Thursday, January 28, 2010

Returning Home

I love how art can become reincarnated. I created this piece above with Ms. Artist B at her home studio many months ago and now it reappears with some new elements for a new purpose.

Creating art has been a back-burner activity for me lately because I am teaching a community college reading and writing class this winter quarter. It has been a blast teaching this class -- challenging yet invigorating. I bring aromatherapy to every class, have my students move their bodies so they can learn and write better, and pretty much put on a one-woman show. Who knew I could do this?! Not me for sure.

With little time or room for art making these days, I still try to carve out time for a gesture of artiness here or there or a spontaneous collage right before bed. The piece above, though, reflects an assignment I recently gave my students: to create a visual depiction of/response to an essay from This I Believe II (our text for the class).* I told them I'd create an art piece, too. As soon as I agreed to participate, my body felt a little lighter and my heart said "Courtney, you get to create art!"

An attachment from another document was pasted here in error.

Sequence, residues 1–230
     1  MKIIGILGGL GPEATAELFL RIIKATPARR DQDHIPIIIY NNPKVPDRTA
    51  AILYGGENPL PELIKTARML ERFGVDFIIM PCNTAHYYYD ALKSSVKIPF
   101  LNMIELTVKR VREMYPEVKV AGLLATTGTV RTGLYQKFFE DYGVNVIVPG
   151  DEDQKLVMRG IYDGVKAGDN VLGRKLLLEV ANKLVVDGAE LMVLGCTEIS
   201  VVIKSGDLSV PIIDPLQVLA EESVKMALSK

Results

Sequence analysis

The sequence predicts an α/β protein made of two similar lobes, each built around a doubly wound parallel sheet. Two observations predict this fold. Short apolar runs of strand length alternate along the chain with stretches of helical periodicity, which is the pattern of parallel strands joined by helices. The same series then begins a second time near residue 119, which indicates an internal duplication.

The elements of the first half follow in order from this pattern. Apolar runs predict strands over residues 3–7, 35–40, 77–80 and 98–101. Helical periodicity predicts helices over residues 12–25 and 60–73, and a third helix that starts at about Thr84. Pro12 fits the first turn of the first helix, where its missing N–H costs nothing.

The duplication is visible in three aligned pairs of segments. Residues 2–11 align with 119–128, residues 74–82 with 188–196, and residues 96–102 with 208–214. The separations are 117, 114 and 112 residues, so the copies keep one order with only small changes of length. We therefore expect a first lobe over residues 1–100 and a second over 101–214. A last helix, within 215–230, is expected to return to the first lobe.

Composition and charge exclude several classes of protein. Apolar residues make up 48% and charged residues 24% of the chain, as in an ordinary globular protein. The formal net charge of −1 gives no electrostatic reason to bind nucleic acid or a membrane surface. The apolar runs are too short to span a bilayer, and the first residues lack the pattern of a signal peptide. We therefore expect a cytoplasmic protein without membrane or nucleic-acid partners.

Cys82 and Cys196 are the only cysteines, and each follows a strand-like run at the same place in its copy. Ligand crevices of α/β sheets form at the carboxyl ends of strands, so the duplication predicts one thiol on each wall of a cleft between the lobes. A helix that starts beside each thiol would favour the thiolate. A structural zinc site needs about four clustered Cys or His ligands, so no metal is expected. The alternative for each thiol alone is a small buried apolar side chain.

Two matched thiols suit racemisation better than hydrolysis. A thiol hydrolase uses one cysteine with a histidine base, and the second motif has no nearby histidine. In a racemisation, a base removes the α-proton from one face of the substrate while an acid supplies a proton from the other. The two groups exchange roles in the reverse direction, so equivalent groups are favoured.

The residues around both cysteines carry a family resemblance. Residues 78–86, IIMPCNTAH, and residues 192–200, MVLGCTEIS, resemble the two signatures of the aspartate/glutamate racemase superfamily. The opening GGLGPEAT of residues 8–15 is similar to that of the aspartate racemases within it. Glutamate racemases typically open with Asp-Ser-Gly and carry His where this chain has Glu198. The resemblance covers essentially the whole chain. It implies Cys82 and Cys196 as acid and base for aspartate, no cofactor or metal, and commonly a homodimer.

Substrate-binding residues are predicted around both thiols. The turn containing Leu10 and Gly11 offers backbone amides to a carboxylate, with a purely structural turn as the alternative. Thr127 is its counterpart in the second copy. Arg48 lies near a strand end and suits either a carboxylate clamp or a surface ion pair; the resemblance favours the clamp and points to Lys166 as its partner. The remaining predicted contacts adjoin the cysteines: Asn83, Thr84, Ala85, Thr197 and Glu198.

So I resurrected a piece I made in Ms. Artist B's workshop and added elements that reflected themes from the essay. To even play with an old art piece gave me such pleasure!

Try this:
Resurrect an old art piece that doesn't feel "done" yet, or doesn't seem to have a purpose. Give it a new intention for a new life, letting go of what it once was (this part can be challenging if you feel emotionally attached), and play with its colors and textures, images and gestures, until you have given it a new way to be in this world. And maybe you'll feel somewhat renewed, too.

*If you're curious, the assignment was to respond to this essay.


  1. Your students will appreciate a teacher who does for herself what she asks of them.

  2. What a fun class that must be. I'm sure you're a wonderful teacher.
    I think it was reqady for new marks.

  3. This is wonderful Courtney. I like to think a work of art can continue to grow as we do. Good for you, getting out and teaching, getting your students to move and use multiple senses in the class room. They will learn in a much deeper way and remember your lessons well.

  4. Thanks for the support, you lovely three!